In October of 1886, slaughterhouse workers near Hamilton, New Zealand arrived at work to find that one of the sheep carcasses had been eaten. To be precise, something had climbed up and removed the sheep from its hook and left nothing but bones …and footprints. The witnesses has never seen footprints like that before.
These, New Zealand’s Daily Telegraph reported, were the “undoubted traces of a saurian monster.” The word “saurian” means lizard-like—other papers concluded that this monster must be an alligator or crocodile, despite New Zealand’s smattering of living reptiles being, without exception, only a few inches long.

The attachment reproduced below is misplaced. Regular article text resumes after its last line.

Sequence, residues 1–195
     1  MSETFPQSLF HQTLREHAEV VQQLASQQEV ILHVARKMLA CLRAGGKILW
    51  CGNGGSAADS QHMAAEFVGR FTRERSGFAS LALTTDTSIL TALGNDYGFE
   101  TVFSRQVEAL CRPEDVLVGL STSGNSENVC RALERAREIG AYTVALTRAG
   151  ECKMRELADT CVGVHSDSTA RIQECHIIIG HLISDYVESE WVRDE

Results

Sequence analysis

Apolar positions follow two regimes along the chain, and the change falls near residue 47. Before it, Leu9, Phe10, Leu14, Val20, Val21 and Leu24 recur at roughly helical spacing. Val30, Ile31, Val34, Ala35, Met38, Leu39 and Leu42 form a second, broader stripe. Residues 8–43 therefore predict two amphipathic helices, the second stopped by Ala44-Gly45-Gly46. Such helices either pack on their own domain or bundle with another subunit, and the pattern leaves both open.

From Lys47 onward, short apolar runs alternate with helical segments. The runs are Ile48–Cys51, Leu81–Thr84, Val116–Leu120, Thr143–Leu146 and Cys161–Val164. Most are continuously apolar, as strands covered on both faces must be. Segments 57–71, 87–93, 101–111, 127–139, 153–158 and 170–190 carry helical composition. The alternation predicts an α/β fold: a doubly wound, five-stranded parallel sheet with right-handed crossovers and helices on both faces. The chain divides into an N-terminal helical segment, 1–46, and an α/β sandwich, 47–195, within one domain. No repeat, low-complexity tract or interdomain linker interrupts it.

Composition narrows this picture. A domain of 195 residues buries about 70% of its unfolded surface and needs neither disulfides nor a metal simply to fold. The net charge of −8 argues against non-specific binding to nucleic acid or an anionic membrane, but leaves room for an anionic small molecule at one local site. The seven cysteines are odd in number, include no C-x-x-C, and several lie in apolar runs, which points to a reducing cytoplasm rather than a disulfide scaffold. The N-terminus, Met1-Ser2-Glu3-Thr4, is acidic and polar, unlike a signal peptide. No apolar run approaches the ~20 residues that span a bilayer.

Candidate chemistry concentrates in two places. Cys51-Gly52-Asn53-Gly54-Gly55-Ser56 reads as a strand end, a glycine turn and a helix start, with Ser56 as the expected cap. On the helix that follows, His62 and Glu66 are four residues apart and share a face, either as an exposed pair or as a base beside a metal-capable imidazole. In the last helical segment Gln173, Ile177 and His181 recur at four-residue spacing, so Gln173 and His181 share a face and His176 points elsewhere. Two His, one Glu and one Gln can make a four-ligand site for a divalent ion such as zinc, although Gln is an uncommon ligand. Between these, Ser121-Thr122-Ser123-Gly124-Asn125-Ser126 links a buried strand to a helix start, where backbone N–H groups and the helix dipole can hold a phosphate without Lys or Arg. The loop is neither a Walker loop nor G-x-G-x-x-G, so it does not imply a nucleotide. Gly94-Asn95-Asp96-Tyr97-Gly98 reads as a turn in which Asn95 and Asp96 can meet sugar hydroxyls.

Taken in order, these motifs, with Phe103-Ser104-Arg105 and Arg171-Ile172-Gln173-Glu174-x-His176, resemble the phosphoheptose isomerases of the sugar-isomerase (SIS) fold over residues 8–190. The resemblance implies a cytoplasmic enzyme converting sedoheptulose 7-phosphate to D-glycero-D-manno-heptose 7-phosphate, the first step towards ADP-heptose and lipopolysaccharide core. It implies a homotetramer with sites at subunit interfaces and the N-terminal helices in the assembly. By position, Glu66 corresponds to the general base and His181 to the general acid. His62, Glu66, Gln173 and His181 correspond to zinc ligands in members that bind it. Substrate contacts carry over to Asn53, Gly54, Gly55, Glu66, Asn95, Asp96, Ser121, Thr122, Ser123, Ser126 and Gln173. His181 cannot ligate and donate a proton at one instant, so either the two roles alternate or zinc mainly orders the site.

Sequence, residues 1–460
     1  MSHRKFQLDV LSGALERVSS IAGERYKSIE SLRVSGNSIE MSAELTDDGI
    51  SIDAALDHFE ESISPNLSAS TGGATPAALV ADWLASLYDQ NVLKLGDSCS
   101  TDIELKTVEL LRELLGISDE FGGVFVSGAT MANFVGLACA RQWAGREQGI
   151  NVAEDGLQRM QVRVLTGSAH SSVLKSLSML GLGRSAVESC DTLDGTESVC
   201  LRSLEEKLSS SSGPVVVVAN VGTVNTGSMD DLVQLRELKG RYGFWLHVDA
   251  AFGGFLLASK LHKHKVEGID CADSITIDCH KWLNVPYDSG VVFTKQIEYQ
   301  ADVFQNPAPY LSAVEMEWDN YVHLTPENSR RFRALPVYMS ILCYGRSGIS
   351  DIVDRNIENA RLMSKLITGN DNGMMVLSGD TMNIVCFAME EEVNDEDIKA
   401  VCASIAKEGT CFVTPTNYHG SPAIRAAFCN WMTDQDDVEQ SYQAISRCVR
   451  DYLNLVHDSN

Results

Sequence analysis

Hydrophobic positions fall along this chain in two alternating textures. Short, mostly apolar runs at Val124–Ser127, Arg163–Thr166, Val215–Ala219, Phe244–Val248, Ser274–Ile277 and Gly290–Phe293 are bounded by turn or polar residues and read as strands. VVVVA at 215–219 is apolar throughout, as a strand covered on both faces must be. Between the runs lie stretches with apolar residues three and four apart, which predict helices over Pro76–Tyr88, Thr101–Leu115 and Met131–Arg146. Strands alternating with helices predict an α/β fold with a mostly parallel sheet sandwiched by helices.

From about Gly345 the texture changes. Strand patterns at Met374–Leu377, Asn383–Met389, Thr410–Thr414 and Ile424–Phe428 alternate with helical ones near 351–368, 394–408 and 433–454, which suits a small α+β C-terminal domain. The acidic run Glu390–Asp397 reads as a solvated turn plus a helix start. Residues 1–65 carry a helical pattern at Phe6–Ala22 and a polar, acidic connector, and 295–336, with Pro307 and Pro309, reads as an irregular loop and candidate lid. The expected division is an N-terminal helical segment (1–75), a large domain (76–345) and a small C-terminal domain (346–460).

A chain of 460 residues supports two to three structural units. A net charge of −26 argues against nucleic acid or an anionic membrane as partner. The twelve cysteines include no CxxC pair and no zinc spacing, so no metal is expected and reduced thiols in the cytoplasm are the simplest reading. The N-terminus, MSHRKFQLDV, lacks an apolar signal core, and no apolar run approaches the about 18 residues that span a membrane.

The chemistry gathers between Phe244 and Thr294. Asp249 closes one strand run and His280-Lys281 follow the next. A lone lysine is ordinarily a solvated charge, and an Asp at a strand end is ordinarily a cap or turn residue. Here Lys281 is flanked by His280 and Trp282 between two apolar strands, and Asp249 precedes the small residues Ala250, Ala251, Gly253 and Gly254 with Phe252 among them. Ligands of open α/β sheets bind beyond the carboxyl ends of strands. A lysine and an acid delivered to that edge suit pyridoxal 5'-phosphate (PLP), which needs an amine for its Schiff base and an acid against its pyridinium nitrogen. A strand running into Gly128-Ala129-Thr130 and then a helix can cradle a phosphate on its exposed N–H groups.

For two months, throughout October and November, the people of the Waikato region kept up a near-constant watch for their worrying new neighbor. Farmboys reported seeing it in the river, with its head poking up from the creek; indigenous Maori told settlers that they had known of it for some time and called it a taniwha. “Stories are extant among them of a very large animal, like an eel, which has come out of the water at times and chased them, even seizing their legs in its teeth,” reported the New Zealand Herald. A year earlier, a Maori girl had allegedly been found dead in the same river, with the flesh stripped from her arm.
Talk of the monster grew so that no one knew which stories were real and which were exaggerations or pure hogwash. But they eventually found the monster. Read that story at Atlas Obscura.
Oh yeah, the animals pictured were already quite extinct.